with Professor Gordon Andrews
Headingley Methodist Church opened in 1845. It is a Grade II listed building and I hope that you will agree that it is worth preserving after you have been round this photographic tour. If only being a listed building brought with it access to funds from the Government listed building system so that the cost of maintenance of the historic features of Headingley Methodist Church had not to be borne by the current congregation. This is a major problem with all historic Churches and Cathedrals; there is no system of support to maintain the buildings, but a legal requirement to do so once they are given listed building status. Listed building status also means that it is very difficult to get permission to alter the internal features of the Church. We would probably not be allowed to take out the box pews for example, which would enable a more flexible worship space. Headingley Methodist Church is one of the few remaining examples of a large Church with boxed pews in the country.
The Church is also larger than the current congregation needs. The Methodist church nationally needs some large churches so that the Methodist Conference can be held in different areas of the country. The last time conference was in Leeds, Headingley Methodist Church was the Conference Church as it had the largest seating capacity in the Leeds area then and still does today. However, no assistance is given towards the upkeep of large churches by the Methodist Church in the UK.
If you like what you see in this photographic tour and are able to send a donation our treasurer would be happy to receive your cheque! To give an idea of the costs, the current work on the external roof and walls and some internal damp plaster problems inside the Church, and the rooms at the rear of the Church are currently costing £50K and a similar amount on a new heating system will be required over the next few years. The last improvements made to the Church in 2000, which are referred to below, cost £225K 20 years ago, and we had to have listed building approval before they could start, which is a significant expense on its own.
The Church Worship Area
The Church nave, pews and balcony area and the pulpit are all original from 1845. The chancel area was modified in stages. Until the 1880s the balcony extended behind the pulpit, but subsequently the chancel was moved back to accommodate an enlarged organ putting the choir stalls in the position we now find them. Arrangements were again altered when the organ was removed to the North transept, giving the opportunity to place a large cross on the west chancel wall. In 2000 the Church was redecorated and linked to the rest of the church building through a store beneath the organ pipes. New lighting was also installed then. The Church can seat over 400 people. It is the largest music venue in Headingley and has been used for choir concerts, orchestra’s and brass bands. The Church is available for hire as well as worship.
A recent memorable concert was the Tampa Methodist Choir from Tampa Bay, Florida, USA who gave a concert of American spiritual music in aid of Water Aid in April 2019. This year we were to have the last public concert of the Alan Cuckston Singers, which unfortunately had to be cancelled because of COVID-19 restrictions.
The balcony is as it was built in 1845. There is some maintenance work ongoing in May 2020 on the wall of the Church at the end of the side balcony opposite the organ pipes. This was an area of damp plaster that has had to be repaired and is evidence of our ongoing care for the building. Similar repair work is ongoing in the rear balcony area. Please admire the fine woodwork in the ceiling area, more of which is shown below.
Box pews are quite rare in churches today andHeadingley Methodist Church is one of the few remaining churches in the country with this feature. Originally box pews were rented and rumour has it that the rents went up the further you were from the pulpit. High society and Yorkshire Wool merchants sat downstairs and the servants upstairs, again this may just be rumour. You can sit anywhere today, but few choose to sit in the balcony – perhaps the stigma of the servants area is still there. 175 years ago society in Headingley was quite different from today. A lot of the residents of the large houses in Headingley, now split into flats, used to worship at this church. All are welcome today and you can sit anywhere you like!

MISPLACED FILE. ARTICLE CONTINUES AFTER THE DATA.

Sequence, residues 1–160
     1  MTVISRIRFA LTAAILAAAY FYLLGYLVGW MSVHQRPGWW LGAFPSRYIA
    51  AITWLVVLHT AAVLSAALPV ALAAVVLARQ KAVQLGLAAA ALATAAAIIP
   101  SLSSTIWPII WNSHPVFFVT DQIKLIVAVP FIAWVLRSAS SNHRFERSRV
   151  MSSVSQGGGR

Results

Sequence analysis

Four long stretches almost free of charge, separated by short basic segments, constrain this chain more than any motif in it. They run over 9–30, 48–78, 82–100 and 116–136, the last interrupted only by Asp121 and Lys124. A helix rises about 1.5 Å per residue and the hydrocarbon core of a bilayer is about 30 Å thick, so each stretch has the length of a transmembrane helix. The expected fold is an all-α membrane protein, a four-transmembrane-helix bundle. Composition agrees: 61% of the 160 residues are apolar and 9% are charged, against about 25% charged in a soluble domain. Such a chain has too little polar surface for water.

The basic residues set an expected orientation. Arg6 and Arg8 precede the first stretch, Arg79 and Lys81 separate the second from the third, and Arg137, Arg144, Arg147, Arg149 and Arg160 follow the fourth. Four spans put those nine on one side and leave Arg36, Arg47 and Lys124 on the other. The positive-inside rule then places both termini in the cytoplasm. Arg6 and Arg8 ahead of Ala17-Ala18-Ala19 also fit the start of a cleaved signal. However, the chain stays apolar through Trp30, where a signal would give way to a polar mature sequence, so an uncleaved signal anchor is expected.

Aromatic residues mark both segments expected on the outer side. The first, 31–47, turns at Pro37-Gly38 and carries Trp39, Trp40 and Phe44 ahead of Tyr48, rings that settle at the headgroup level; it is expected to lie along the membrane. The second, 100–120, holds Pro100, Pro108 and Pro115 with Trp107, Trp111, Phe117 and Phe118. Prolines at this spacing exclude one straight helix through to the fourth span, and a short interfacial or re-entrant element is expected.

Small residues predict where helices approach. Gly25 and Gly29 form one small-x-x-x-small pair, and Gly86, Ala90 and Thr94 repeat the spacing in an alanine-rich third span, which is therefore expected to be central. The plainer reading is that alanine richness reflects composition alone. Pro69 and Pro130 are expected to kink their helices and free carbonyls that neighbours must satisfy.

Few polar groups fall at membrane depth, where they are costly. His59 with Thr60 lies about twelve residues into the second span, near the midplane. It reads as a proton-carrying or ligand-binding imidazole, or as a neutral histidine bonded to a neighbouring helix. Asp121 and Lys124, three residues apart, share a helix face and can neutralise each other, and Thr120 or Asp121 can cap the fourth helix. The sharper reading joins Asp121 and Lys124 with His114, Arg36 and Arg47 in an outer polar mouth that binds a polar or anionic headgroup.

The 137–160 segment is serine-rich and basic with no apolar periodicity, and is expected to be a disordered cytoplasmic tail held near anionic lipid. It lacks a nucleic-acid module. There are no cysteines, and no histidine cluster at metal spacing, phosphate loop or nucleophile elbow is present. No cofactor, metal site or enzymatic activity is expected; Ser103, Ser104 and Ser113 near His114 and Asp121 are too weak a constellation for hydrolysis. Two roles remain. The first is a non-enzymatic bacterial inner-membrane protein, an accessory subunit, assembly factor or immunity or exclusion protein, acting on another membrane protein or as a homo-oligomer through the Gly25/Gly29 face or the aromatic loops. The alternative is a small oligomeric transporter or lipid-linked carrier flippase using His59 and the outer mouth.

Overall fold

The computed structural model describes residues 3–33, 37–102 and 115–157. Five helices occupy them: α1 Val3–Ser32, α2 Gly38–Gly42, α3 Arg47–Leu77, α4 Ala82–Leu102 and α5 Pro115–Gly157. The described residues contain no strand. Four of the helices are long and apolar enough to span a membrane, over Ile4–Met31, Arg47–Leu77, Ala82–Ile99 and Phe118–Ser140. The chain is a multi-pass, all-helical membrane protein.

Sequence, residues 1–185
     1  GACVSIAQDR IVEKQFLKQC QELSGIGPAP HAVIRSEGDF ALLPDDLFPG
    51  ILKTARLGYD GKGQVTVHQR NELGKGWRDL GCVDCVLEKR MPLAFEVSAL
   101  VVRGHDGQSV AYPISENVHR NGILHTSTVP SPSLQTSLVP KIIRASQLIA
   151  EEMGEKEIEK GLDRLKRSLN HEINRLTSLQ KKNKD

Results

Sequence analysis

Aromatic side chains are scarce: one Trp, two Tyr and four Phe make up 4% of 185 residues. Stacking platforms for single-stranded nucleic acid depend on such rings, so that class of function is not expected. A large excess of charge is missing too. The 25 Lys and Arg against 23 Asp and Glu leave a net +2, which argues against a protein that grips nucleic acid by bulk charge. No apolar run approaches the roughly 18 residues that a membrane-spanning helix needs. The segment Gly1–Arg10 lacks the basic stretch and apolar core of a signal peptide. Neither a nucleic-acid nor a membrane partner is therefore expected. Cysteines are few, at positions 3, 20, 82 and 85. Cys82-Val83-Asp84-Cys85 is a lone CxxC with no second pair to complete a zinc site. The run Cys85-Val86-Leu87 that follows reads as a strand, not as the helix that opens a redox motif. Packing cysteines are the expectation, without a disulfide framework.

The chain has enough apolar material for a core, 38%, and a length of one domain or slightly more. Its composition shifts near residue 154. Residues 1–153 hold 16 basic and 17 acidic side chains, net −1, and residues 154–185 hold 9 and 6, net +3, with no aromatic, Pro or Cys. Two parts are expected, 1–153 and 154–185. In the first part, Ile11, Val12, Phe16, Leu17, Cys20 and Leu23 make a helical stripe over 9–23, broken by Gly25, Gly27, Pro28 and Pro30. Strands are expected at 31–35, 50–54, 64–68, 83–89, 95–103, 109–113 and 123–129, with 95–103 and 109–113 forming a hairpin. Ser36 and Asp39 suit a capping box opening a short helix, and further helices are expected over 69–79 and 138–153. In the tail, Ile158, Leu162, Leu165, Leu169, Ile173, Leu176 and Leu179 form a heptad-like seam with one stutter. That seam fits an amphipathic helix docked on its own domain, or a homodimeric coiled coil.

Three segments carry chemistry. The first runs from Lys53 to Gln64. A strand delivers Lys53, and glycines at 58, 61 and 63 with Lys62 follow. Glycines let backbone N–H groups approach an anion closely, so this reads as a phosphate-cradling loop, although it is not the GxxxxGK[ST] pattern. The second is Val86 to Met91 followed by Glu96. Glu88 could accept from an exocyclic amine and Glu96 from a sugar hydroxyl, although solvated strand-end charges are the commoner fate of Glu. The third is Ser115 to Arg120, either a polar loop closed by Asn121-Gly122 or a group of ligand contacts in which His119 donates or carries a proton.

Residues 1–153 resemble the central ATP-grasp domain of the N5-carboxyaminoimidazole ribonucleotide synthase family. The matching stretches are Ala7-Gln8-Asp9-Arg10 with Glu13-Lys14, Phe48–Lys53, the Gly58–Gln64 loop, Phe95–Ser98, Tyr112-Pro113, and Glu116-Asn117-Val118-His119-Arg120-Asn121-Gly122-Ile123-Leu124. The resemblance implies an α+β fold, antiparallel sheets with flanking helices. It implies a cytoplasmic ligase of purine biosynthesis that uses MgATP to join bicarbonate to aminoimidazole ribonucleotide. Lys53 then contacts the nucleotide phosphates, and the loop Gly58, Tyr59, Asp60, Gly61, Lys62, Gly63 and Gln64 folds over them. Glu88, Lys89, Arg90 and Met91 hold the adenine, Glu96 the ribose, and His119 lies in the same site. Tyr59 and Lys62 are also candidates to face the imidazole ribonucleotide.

The link entrance from the rest of the premises and the disabled entrance is the glass fronted area on the left that was a major feature of the Church alterations in 2000. The window through to Otley Road and the Arndale centre can be seen on the right, also installed at the same time.
The new entrance to the Church was built in 2000. It links the Church to the other parts of the premises. There was originally a school room built in 1857, but by the 1900s this had become inadequate, so an extensive group of rooms and halls was added in 1908; these are still standing today but had never been linked directly to the church until 2000. This new entrance also provides direct disabled access to the Church. There is also a disabled toilet bottom right with baby changing facilities.
The near door on the right houses the flower preparation area and the blower for the organ.
This entrance area is directly below the organ pipes, which is why the blower is located here. The hymn and service book shelves here were relocated from the main entrance, when the window was knocked through so the Church interior could be seen from Otley Road and the Arndale Centre. The Church had a very ‘keep out’ feel before this with a solid door.
The Chancel Area
Apart from the pulpit and the windows, nothing in the chancel area is original, as this was a major area of change in the early 1960s. The original chancel area is shown below, which shows that the chancel was dominated by the organ and choir stalls each side of the pulpit.
The old position of the organ can be seen above and the new position in the balcony to the right of the chancel is shown below. An electrical organ console is behind the pulpit, with the choir stalls moved to each side of the organ console. Note the stone wall at each side of the Chancel steps which were retained, as shown below.
The marble top and the stone side to the side steps to the height of the chancel area, are original features of the 1845 Church and there is a matching wall on the other side. The cross on the rear wall was installed in the 1960s to occupy the space left by the removal of the Organ pipes from this area. In the 2000 refurbishment the front door of the church was renewed to be glass fronted and a window was cut in the rear wall of the Church so that this cross could be seen from the street outside and for a long time the spot light was left on in the evenings so that the illuminated cross could be seen from the street.